Once you file Chapter 7 bankruptcy, what happens next? It will include your business and personal debts as well.
The bankruptcy court will appoint a trustee who will analyze your debts along with your assets. Based on that, the trustee will look after the liquidation of your non-exempt assets.
The proceeds will then distribute among your creditors. In turn, that likely discharges you of the existing debts.
How Does Chapter 7 Bankruptcy Work
When you file for Chapter 7 bankruptcy, the court places an automatic temporary stay on your current debts. This stops creditors from collecting payments, garnishing your wages, foreclosing on your home, repossessing property, evicting you or turning off your utilities. The court will take legal possession of your property and appoint a bankruptcy trustee to your case.
The trustee’s job is to review your finances and assets and oversee your Chapter 7 bankruptcy. They will sell certain property the bankruptcy won’t let you keep and use the proceeds to repay your creditors. The trustee will also arrange and run a meeting between you and your creditorscalled a creditor meetingwhere you’ll go to a courthouse and answer questions about your filing.
The list of property you don’t have to sell or turn over to creditors , and the total value that you can exempt, varies by state. Some states let you choose between their exemption list and the federal exemptions. But most Chapter 7 bankruptcy cases are “no asset” cases, meaning all of the person’s property is either exempt or there’s a valid lien against the property.
At the end of the process, approximately four to six months from your initial filing, the court will discharge your remaining debts . However, some types of debts generally aren’t dischargeable through bankruptcy, including child support, alimony, court fees, some tax debts and most student loans.
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Small Business Reorganization Act Of 2019
In August 2019, the Small Business Reorganization Act of 2019 was passed by the U.S. Congress and signed into law by the President. It enacted a new subchapter V of Chapter 11. The act is in effect as of Feb. 20, 2020. This subchapter of Chapter 11 seems to favor the side of the applicant for business bankruptcy. It only applies if the applicant wants it to apply.
For example, subchapter V does not require that a committee of creditors is appointed or that creditors have to approve a court plan.
Sole proprietorships or incorporated entities should consult with a good business bankruptcy attorney before deciding on which type of bankruptcy you will file or whether you need to file bankruptcy at all. There may be other options that can be explored.
What Debts Are Discharged When I File A Chapter 7 Bankruptcy For My Business Debts
Though Chapter 7 is a viable option for many small business owners, you should be aware that it does not clear your business of all its outstanding debts. Instead, Chapter 7 removes the personal liability for the debt from the business owner. If your business is figured into a corporation structure, creditors can still seek repayment from your business itself. For this reason, Chapter 7 tends to be a preferred alternative for smaller businesses.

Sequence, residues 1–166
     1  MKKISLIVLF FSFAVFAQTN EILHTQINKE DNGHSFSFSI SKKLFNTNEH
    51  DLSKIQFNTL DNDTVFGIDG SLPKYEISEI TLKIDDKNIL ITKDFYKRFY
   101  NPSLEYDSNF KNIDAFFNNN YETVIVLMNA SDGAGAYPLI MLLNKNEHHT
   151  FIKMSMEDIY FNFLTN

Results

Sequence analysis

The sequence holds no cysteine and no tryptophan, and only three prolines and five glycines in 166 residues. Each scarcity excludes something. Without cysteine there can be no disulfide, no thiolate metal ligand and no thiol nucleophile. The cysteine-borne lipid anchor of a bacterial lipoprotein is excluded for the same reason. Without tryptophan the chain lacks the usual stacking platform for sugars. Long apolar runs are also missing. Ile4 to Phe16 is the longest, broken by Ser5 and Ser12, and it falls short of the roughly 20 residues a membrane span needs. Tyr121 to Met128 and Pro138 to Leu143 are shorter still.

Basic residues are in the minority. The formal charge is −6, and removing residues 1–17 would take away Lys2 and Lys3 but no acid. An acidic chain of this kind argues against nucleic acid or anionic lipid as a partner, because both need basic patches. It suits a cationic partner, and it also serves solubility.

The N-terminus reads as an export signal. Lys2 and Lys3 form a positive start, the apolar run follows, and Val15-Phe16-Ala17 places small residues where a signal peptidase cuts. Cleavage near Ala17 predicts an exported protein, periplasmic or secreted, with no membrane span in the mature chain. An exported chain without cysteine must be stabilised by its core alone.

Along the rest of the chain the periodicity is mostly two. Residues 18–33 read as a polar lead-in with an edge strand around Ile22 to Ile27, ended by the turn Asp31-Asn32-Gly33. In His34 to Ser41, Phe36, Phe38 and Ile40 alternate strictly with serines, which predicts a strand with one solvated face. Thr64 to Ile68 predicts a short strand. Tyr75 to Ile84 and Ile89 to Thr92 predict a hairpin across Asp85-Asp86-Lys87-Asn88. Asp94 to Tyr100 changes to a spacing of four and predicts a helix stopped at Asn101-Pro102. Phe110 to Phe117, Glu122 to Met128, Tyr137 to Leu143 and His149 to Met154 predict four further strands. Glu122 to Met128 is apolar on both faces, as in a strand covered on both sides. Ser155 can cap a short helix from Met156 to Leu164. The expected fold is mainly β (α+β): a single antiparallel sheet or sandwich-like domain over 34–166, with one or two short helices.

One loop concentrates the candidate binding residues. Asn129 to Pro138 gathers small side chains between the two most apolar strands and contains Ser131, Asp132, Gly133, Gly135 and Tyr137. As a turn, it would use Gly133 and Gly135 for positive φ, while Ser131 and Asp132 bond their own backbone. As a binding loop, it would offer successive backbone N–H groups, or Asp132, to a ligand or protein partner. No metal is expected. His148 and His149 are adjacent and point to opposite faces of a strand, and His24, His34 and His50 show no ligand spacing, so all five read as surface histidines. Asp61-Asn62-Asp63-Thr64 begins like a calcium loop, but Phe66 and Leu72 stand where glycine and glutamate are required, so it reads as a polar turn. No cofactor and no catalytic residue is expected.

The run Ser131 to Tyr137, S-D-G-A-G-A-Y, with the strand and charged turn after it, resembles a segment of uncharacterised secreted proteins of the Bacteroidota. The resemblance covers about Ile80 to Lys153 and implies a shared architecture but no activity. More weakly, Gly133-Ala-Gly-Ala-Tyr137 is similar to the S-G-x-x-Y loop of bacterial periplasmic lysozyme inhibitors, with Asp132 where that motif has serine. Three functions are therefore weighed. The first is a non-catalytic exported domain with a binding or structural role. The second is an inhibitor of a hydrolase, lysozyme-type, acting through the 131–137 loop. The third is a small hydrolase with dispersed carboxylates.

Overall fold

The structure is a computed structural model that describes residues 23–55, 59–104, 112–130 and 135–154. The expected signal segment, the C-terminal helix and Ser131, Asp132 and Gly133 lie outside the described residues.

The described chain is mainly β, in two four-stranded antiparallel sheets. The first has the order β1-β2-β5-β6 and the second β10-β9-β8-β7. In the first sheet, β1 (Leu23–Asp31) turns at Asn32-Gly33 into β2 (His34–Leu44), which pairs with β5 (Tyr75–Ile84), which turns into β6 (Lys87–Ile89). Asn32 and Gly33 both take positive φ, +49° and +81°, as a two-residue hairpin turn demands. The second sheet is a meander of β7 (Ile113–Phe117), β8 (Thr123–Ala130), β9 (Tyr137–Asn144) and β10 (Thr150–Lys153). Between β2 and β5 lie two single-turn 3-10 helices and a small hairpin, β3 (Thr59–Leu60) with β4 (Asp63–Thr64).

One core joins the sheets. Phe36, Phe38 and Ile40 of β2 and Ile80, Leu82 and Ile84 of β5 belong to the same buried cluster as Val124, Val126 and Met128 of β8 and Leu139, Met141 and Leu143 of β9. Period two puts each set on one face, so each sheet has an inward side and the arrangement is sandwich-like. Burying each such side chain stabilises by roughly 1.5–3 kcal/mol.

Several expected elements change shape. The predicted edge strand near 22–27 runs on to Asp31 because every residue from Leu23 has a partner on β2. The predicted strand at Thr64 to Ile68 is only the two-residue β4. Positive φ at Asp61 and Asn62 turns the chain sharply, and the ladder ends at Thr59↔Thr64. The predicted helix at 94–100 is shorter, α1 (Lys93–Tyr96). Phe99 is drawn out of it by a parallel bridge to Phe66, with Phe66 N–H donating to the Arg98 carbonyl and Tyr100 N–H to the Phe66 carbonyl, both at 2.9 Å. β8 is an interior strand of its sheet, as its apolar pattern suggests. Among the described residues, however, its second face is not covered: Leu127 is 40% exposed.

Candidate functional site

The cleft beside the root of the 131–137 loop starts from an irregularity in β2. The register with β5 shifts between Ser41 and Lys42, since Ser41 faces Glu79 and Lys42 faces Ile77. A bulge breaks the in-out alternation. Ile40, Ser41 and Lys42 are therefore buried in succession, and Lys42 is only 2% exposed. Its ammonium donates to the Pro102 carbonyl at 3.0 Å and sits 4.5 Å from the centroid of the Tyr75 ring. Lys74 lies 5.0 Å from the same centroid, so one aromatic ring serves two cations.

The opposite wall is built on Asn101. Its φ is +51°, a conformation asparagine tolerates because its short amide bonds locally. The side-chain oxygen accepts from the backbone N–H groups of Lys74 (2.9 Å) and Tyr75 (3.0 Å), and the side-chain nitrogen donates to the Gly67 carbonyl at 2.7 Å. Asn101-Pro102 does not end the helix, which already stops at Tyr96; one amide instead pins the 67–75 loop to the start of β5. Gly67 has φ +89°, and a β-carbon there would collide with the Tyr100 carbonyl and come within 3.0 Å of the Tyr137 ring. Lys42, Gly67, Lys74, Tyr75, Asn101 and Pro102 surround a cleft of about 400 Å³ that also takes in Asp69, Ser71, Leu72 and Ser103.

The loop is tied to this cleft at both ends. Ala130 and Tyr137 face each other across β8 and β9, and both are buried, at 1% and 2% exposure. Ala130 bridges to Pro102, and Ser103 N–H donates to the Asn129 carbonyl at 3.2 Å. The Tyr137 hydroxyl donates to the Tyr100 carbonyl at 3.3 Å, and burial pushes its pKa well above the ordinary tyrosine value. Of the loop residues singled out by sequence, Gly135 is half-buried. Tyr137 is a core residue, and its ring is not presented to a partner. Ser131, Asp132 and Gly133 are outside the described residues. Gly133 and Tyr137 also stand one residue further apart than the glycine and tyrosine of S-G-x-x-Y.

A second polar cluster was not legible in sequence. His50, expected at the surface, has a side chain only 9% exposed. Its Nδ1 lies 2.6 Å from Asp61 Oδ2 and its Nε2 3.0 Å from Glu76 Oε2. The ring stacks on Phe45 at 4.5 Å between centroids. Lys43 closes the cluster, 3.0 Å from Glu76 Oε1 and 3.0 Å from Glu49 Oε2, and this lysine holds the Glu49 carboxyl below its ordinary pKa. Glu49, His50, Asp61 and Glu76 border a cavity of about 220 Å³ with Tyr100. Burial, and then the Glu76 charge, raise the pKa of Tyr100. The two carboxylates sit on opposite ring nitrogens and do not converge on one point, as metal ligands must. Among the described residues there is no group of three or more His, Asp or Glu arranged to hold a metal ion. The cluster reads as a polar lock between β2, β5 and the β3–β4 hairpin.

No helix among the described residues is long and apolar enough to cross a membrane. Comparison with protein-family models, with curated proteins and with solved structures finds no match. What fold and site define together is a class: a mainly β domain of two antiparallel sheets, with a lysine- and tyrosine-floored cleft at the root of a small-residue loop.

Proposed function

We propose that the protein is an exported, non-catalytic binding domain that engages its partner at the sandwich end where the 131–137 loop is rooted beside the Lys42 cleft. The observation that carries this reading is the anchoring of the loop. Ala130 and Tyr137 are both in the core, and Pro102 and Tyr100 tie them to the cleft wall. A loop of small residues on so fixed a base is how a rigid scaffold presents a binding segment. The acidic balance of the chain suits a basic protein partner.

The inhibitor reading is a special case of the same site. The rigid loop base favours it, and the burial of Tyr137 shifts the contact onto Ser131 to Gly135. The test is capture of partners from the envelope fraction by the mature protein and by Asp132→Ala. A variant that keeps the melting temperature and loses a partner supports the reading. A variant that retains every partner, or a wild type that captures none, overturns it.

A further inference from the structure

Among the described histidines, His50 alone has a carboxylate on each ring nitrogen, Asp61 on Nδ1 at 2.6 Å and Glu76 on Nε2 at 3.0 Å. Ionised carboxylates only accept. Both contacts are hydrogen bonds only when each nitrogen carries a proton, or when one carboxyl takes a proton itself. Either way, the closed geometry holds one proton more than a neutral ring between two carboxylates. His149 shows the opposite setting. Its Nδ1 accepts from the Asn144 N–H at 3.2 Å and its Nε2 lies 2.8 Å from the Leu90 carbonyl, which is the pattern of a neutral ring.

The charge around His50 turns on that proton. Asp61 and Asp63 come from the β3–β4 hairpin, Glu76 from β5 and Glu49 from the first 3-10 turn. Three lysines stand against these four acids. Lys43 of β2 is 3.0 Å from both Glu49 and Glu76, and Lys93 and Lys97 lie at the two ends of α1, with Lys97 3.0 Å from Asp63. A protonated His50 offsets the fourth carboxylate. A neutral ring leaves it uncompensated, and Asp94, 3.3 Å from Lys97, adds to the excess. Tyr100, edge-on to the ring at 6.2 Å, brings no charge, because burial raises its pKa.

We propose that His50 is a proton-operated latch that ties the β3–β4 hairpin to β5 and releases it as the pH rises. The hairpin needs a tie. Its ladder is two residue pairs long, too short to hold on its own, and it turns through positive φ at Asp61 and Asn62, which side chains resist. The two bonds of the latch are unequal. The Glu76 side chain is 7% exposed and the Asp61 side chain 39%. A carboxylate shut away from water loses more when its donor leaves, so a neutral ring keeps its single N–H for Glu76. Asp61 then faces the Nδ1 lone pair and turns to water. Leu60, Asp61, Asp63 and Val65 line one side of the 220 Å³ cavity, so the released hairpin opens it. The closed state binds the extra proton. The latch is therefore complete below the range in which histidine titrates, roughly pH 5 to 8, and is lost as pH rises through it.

Indiana Business owners filing for Chapter 7 business bankruptcy can usually have the following type of debt cleared:
- Personal credit card debt
- Unsecured debts owed to creditors
- Lease obligations
- Personal loans and personal guaranties
Similar to Chapter 7 filed by individual consumers, there are certain types of debt that will not be cleared by filing Chapter 7. These include:
- Child support and alimony
- Large cash advances made 70 days or fewer before filing
- Loans borrowed from pension or 401
- Student loans
These lists are not exhaustive, and any type of business bankruptcy filing requires careful attention to determine which options offer the best possible outcome. Our bankruptcy attorneys provide a powerful ally and advocate for you as you as you go through the stages of the filing process.
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What Is Chapter 7 Bankruptcy & Should I File
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In a Nutshell
Chapter 7 bankruptcy is a common legal process to clear your debt, but itâs not right for everyone. Letâs take a look at some bankruptcy basics to help you learn about it and decide whether it’s right for you.
Chapter 7 bankruptcy is a powerful legal tool in the United States that allows you to totally erase many debts, including credit card debt, medical debt, car loans, and payday loans. Experts estimate that over 39 million Americans have filed for bankruptcy. Itâs more common than most people think.
One good question to ask yourself if youâre considering Chapter 7 bankruptcy: Do I have more debt than Iâll ever be able to pay back, given my current income and property? If the answer is “yes,” then Chapter 7 bankruptcy may be the right option.